In the previous post, Childhood Obesity News remarked on the surprise felt by some observers when two prominent black clergymen signed on as plaintiffs in the Praxis Project lawsuit against Coca-Cola. The “party line” is that the corporation has always been good to African-American organizations and causes., but critics believe that any kindness shown by the company is only shifting of funds from conventional advertising to expenditures that appear to support social progress. In other words, the cynical ulterior motive has always been just to promote the brand.
But the Praxis case is by no means the only racially-connected legal matter that Coke is involved in. A class-action suit dating from way back in 1999 was finally settled last summer. The class contains about 2,000 members, all of whom worked for the company between 1995 and 2000. (Being as how this was filed almost 20 years ago, some of those employees are already dead.)
Journalist Justine Bachman wrote:
The Coca-Cola Co. agreed today to pay $192.5 million to settle a racial discrimination suit by black workers. The amount includes $113 million in cash, $43.5 million to adjust salaries, $36 million for oversight of the company’s employment practices. Coke also will pay $20 million in attorneys’ fees and plans to donate $50 million to its foundation for community programs.
Another result of this excruciatingly prolonged lawsuit is that the company also agreed to let a third party review its hiring practices. Other areas of contention are the pay, promotions, and job evaluations of employees once they have been hired. Public relations-wise, it takes a lot of donations to the National Association for the Advancement of Colored People to counteract the bad impression left by nearly $200 million worth of discrimination.
Getting back to the Praxis case
One goal is to compel Coke to stop deceptive advertising directed at adults, and to refrain from the creation of advertising that targets kids under age 12. Also, to somehow protect kids from the advertising that is aimed at adults, for instance, by limiting it to certain television time slots when children are presumably asleep.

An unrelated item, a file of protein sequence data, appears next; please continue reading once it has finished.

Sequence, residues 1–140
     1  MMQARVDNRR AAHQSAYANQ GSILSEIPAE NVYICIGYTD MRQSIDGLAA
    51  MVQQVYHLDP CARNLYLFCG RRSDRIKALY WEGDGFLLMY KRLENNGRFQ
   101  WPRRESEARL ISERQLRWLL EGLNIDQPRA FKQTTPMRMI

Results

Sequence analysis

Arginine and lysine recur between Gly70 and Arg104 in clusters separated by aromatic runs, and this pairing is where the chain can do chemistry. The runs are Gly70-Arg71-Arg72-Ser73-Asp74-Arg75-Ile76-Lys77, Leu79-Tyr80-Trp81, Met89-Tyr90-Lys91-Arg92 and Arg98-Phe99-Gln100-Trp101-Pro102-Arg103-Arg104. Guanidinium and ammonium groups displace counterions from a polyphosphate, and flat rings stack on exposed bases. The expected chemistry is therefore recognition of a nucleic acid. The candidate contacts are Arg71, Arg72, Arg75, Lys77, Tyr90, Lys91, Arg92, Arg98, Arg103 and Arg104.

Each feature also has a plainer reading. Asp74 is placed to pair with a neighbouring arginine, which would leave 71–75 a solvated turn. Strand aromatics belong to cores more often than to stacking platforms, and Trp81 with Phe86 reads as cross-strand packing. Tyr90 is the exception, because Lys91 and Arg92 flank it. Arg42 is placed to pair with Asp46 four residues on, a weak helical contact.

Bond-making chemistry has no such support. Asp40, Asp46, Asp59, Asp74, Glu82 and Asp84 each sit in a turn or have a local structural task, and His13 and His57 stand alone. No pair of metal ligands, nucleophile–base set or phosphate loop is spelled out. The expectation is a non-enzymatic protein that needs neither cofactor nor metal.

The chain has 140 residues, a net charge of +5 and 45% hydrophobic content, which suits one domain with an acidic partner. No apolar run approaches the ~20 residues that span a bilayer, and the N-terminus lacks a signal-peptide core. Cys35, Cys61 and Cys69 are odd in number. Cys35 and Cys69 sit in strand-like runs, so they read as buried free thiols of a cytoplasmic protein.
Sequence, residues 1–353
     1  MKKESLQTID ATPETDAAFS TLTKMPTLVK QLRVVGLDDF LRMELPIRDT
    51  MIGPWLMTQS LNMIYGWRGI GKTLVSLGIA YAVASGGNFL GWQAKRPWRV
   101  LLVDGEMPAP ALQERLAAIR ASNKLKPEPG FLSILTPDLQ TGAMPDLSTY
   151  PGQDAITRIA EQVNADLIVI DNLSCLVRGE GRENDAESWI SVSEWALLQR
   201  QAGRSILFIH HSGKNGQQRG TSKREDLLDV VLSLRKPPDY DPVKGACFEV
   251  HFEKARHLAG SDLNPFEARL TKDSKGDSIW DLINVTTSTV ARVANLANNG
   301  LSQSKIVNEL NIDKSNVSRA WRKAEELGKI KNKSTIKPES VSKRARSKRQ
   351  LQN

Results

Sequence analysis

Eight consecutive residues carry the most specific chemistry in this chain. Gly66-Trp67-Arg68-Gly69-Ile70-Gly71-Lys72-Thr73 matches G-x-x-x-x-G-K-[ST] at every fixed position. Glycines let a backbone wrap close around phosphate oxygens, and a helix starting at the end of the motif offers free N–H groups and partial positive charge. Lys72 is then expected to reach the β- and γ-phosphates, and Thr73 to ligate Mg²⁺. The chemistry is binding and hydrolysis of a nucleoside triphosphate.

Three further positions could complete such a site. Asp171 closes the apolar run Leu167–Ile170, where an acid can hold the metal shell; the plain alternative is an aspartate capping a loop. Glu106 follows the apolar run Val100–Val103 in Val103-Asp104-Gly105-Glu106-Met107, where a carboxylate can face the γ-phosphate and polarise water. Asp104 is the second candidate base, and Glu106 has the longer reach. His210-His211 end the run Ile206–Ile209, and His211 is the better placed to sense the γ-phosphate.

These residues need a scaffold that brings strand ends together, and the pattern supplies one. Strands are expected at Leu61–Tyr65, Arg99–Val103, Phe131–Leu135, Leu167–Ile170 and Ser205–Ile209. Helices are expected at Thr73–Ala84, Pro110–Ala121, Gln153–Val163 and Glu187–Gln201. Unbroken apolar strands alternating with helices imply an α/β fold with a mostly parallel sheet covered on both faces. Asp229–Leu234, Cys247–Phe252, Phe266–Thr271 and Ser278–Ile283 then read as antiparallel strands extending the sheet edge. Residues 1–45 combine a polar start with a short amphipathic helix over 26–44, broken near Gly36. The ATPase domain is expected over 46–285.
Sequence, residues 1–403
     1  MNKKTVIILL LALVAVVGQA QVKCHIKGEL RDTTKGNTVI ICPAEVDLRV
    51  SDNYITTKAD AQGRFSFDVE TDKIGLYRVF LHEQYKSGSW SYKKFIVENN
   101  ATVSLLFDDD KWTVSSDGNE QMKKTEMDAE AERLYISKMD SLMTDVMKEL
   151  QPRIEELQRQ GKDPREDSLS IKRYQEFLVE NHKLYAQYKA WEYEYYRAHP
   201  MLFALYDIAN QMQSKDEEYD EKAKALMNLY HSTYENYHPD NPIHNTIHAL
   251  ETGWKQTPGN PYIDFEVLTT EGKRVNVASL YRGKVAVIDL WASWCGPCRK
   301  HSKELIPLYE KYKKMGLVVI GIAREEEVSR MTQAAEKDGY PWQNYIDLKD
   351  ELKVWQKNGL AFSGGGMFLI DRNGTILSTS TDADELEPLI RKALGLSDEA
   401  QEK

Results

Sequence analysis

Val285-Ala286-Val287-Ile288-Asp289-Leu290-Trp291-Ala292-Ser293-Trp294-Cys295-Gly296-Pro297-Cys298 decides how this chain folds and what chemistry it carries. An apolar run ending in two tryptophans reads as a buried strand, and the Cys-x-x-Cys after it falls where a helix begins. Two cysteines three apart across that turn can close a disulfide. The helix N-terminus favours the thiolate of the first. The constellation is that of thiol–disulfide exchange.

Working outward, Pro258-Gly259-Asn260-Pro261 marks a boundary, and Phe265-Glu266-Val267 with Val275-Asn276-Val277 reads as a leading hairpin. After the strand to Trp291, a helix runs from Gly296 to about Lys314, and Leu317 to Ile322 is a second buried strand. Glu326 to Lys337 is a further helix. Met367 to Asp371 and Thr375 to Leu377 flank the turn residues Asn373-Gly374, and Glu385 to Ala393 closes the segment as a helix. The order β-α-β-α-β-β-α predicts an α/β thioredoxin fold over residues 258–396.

Another goal is to stop Coke (and hopefully, by example and by extension, other manufacturers) from denying that its products are linked to obesity, diabetes, and related harmful medical conditions. The public should also not be lied to about the effects of sugar consumption, particularly by “Health Professional Partners” who are hired to spread falsehoods via social media.
In another case, multi-district litigation was instituted against the corporation by consumers who see its advertising practices as misleading. Consumers from California, Florida, Illinois, Massachusetts, New York, and New Jersey challenged the claim that Coke contains no artificial ingredients or preservatives.
Phosphoric acid, in particular, is a preservative, and is part of the beverage’s formula. The consolidated class action suit survived several attempts at dismissal, and other attempts to stall the case as long as possible, with the object of interfering with the discovery process.
Journalist Robert J. Boumis explained the lawyerly shenanigans:
Back in June, the Coca-Cola Company filed a motion asking for a “temporary halt of litigation” pending the outcome of a group of similar cases in the Ninth Circuit Court of Appeals. Coca-Cola argued that these cases were all directly related to the mass tort against Coke. However, the plaintiffs filed a motion on July 5 arguing that the real motivation behind the cola conglomerate’s motion to “pause” the litigation was to delay discovery by more than a year while these other cases worked their way through the courts and appeals process.
A few days after that was published, a judge denied Coke’s motion to put everything on hold, clearing the way for the plaintiff’s lawyers to turn it into the class-action suit, which is still making its way through the system.
Your responses and feedback are welcome!
Source: “Coke Announces $192.5 Million Settlement,” ABCNews.go.com, 11/16/17
Source: “Coca-Cola Drinkers Seek Class Cert. in Artificial Ingredients Class Action,” TopClassActions.com, 06/20/17
Source: “Coca-Cola Delays Debated in Artificial Ingredients MDL,” TopClAssactions.com, 07/11/16
Photo credit: Chris Potter (ccPixs.com), Allen (vwb5) on Visualhunt/CC BY